The bottom line, nevertheless, is that England are still on course to lose heavily, even as Adil Rashid and Stuart Broad indulged themselves a little as the sun set on Nottingham. They are in this position because their top four have contributed 134 runs between them in eight innings, and as magnificently as India’s seamers bowled here – Sharma was superb in the morning, Bumrah in the evening – a team constantly finding itself 80-4 is really no sort of team at all.
England’s openers are a little like curling stones on the rink: theoretically hefty but deceptively easy to shift. Keaton Jennings will never succeed against high-quality seam bowling until he learns to become more supple at the crease. He’s too flat-footed, too upright, too eager to feel bat on ball, and thus prone to playing at balls he could leave on length, as he did off his fourth ball of the morning.
Alastair Cook’s technique is little changed from his golden years – compact, concise, nuggety – but his judgement outside off-stump is not what it was. Sharma removed him in his second over of the morning, and as he strode off after his fifth failure out of five this series, it was tempting to wonder where he goes next. As he showed in Melbourne and Birmingham, Cook still capitalises on a start like few others in world cricket. But if he hardly ever gets a start, what’s the point?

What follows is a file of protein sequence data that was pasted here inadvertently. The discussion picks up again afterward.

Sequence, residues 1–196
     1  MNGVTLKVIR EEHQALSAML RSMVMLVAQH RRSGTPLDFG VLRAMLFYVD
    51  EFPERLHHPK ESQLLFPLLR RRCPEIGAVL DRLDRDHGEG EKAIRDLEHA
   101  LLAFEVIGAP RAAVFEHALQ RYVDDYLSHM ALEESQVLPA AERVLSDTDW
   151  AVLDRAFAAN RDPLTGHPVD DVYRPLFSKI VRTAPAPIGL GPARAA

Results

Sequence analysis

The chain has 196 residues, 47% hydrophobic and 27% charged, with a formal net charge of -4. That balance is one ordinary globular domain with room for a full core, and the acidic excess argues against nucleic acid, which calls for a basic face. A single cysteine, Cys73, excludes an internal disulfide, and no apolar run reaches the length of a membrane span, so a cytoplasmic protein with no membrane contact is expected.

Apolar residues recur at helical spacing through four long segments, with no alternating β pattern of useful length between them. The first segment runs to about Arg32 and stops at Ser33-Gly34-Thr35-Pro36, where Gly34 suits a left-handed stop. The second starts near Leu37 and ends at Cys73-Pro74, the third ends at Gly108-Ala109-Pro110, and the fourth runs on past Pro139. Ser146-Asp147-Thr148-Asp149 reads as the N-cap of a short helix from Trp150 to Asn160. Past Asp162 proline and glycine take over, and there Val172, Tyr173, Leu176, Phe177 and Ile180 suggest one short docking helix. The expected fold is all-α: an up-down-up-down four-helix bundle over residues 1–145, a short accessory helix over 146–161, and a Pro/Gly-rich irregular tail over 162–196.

Joe Root and Ollie Pope both spent around 40 minutes getting themselves in before abruptly deciding they’d had enough hanging around and decided to get stuck in. Root tried to force a lifter from Bumrah off the back foot and edged to KL Rahul at second slip. Four balls later – four balls! – Pope threw his entire life at a wide delivery from Shami, and edged to a delirious Virat Kohli at third slip. Both catches were stunning, exemplars of how India had eased themselves into the game, and now felt totally at one with it.
Indeed, India could have put the match to bed there and then had Rishabh Pant managed to hang on to a sharp one-handed chance off Buttler when he was on only 1. But having been given a life, Buttler scarcely gave another chance thereafter, and as the ball ceased to misbehave quite as often – although Ashwin did get one to rag alarmingly out of the off-side rough – Buttler and Stokes dropped anchor and braced themselves.